Smells and Scents Proven Repulsive or Attractive to Fish
By: Capt. David Bacon
I’ve run a charterboat for decades so I’ve had plenty of chances to observe what works and what doesn’t work in the olfactory (smell) senses of the fishes we seek. While no statement stands true for all fish in all habitats at all times, generalities do apply, and I’ve got some words of experience that I’m confident will help you catch more fish.
Capt. David Bacon and big white seabass
Scents make fish bite better and some make fish wrinkle their noses and swim for cover. After all, there are good scents and bad scents for fish as well as people.
Great work has been done to find fish-attracting scents and market them. For example, Berkley’s R&D to develop their ultra-successful Gulp! Baits is a prime example using a full-on laboratory and putting in the time, effort and money to research, develop and test. Berkeley came out with a basic material, molded it into many critter-bait patterns and packaged it according to what their marketing professionals felt would sell best.
After all, they must first be able to sell it to tackle stores, and then to fisherfolk before the fish can ever get a chance to react to it. Fish love obviously love the stuff and many professional anglers (including myself and my crew) use Gulp! regularly and liberally.
Other favored products are Hot Sauce and ProCure which comes in a variety of scents including the ever-popular “Butt Juice” which was a case of magic marketing in naming the product. Those are just some of the store-bought options available, but many home-brewed options exist, and in some cases, work well.
Some practices work exceptionally well and I highly recommend thinking inside the bag. For example, I’ve had good luck putting a little well-proven attractive scent material --like ProCure, Hot Sauce, Gulp!, anchovy oil, oil of anise and even meaty smells like fatty chicken skins --in a baggie, warming the baggie between hands or in direct sunlight and then putting swimbaits, unscented plastic offerings such as grubs and hoochies in the baggie. After a couple of hours or more of soaking in the bags, those baits will generally catch fish much better. This also works for older frozen baits that have suffered some freezer burn.
In the case of the chicken skins, I have a fish-proven habit of putting them directly on the hook. This trick is based upon many experiments aboard my 6-pack charterboat WaveWalker at times when we were having to work hard for our fish and we were in experimenting mode to try to ratchet up our catch. I’d see a passenger pull a piece of chicken out of their lunch cooler, pull the skin off and put it in a trash bag. Capt. Tiffany would say, “Wait! Let’s pull that chicken skin out of the trash, cut it into strips and put it on the hook.” Dang if it didn’t work and at times work really well. That oily protein scent trail the chicken skin left seemed to smell mighty good to the finicky fish down there. Then when we got back to dock and someone asked how we caught all of those fish we’d just smile and say, got ‘em on chicken.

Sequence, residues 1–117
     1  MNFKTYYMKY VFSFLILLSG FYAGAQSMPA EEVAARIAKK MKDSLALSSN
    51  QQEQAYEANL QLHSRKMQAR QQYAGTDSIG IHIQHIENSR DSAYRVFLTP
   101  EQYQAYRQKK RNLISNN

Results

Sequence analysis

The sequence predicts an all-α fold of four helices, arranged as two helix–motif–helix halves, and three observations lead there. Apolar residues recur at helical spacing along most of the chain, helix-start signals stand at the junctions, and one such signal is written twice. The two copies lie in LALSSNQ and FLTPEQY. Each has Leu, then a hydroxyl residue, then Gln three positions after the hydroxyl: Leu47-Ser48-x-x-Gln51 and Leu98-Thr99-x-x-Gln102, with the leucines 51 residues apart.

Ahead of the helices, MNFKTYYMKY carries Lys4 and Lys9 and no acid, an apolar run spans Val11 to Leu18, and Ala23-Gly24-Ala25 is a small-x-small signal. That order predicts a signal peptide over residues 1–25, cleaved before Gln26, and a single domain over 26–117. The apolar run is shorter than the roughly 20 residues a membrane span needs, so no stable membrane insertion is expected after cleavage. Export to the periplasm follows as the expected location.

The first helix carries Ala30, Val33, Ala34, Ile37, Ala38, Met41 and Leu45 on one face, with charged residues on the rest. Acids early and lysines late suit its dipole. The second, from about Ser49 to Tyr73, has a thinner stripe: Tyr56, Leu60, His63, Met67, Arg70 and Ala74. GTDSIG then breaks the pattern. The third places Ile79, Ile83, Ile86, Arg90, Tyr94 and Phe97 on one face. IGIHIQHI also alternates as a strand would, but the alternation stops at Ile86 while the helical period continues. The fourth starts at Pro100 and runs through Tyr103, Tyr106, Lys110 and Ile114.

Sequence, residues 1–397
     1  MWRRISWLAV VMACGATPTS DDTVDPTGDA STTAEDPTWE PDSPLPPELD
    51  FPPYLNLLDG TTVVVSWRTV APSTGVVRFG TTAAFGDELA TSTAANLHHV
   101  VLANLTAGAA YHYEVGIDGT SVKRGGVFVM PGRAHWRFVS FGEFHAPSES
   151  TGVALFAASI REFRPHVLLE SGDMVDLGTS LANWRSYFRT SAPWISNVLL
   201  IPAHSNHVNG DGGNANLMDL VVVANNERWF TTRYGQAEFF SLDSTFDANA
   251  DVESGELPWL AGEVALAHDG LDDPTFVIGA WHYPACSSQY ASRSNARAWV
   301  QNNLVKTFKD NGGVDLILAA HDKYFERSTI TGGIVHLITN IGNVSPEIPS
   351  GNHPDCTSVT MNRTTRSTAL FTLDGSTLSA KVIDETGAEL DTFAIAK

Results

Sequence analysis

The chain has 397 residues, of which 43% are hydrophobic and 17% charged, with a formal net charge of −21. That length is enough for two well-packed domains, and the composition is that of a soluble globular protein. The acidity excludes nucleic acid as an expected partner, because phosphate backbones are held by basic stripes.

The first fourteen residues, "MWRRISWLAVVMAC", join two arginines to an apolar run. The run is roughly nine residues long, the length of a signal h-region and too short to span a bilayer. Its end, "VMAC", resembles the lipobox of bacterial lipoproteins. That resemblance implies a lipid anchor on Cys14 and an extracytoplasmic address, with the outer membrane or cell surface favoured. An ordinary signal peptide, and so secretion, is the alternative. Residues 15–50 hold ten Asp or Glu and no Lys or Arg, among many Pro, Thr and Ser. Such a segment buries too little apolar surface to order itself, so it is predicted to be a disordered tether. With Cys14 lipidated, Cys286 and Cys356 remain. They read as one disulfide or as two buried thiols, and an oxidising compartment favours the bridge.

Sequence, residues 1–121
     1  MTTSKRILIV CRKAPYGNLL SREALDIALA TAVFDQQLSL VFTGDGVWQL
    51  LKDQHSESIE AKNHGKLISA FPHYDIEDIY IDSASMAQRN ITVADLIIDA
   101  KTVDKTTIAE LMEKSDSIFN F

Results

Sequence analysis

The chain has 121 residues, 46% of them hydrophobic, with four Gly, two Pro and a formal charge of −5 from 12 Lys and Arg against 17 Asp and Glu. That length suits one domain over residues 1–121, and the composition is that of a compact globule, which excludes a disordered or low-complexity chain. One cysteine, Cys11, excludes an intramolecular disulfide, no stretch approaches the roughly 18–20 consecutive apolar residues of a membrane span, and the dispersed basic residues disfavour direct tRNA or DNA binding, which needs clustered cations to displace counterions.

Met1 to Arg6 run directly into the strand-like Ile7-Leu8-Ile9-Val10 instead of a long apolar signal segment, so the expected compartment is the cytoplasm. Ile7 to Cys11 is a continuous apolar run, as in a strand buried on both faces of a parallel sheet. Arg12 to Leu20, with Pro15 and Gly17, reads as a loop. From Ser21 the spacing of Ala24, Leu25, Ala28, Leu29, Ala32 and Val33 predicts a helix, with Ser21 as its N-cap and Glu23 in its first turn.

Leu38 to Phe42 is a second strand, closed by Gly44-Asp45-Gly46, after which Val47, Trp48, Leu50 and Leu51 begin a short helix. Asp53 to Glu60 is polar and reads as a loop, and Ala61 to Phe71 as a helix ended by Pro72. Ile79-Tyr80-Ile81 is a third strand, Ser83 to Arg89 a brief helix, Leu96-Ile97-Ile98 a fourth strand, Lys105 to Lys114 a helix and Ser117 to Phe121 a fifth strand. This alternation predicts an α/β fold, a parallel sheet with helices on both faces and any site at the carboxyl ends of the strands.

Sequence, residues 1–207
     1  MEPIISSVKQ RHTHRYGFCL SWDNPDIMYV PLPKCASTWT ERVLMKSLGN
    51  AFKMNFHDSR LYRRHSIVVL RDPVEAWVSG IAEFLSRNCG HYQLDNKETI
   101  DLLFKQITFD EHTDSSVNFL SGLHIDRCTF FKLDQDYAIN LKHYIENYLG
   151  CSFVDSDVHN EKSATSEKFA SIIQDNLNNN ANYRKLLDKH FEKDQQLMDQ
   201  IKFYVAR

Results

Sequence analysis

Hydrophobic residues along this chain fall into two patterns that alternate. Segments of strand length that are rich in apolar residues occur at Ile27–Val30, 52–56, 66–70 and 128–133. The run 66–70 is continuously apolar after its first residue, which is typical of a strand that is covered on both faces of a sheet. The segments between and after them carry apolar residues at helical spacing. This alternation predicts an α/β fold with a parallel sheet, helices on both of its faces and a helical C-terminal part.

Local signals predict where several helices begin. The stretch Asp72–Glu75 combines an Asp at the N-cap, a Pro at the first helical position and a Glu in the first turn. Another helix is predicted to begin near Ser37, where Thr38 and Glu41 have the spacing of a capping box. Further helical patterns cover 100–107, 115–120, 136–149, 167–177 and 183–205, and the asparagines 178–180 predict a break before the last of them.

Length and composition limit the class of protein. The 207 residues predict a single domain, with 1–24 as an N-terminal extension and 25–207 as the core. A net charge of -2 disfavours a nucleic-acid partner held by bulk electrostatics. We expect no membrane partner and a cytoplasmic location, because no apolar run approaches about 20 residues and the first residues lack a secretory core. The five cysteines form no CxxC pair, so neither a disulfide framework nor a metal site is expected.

Capt. Tiffany Vague with a copper and a red rockfish
What doesn’t work:
Sadly, we know relatively little about what smells make fish lose their appetite. Other than shark repellent, we have a dearth of available research on the repulsive side of our smelly equation. The best we have are observations and opinions of charter captains, fishing guides and professional anglers.
An observant angler or crew member can find plenty of ongoing research aboard fishing boats. I’m happy to share some of my thoughts, and those of my crew member, Capt. Tiffany Vague, (maker of custom Vague Rods), based upon her experiences. She said, “I cover up and hide from the sun rather than smear on sun screen. Sun screen wearers catch plenty fish and I can’t argue with that, plus certainly all sun screen products are not created equal. On the other hand, I have watched good bites suddenly shut off for people after they slathered on copious quantities of sun screen, picked up their lure or grabbed a piece of bait and sent it down to tickle the nose of an unsuspecting fish who evidently went cross-eyed and scurried away.”
Let’s make sense (scents?) of this… can someone handle a salad drenched in vinaigrette or a sandwich made with spicy spreads, then handle their bait or tackle and expect a fish to not notice? Is it reasonable to hope a fish fails to notice that an angler grabbed and devoured four big handfuls of fiery habanero chips before handling a bait or lure? What else? Well, fuel and oil don’t exactly put fish into a feeding frenzy. I’m even wondering if hand sanitizer is yucky to fish.
Trying to fix an exiting scent problem:
I’ve been known to come down off the bridge, rinse my hands in the bait tank (among the live baits), wiggle my fingers in a bag of Gulp! baits and then finally start fishing. Naturally I do all of this with great aplomb, since I’m busily proving a point. Interestingly, these actions usually result in quick hookups because I have both removed repulsive smells and added attracting scents.
Try all of this… it works! Oh, but after wiggling your fingers in a bag of Gulp!, I recommend a thorough washing before picking up a sandwich or that bag of habanero chips because while Gulp! Makes fish want to eat, it tastes pretty yucky to us.
Randall Graham with a calico bass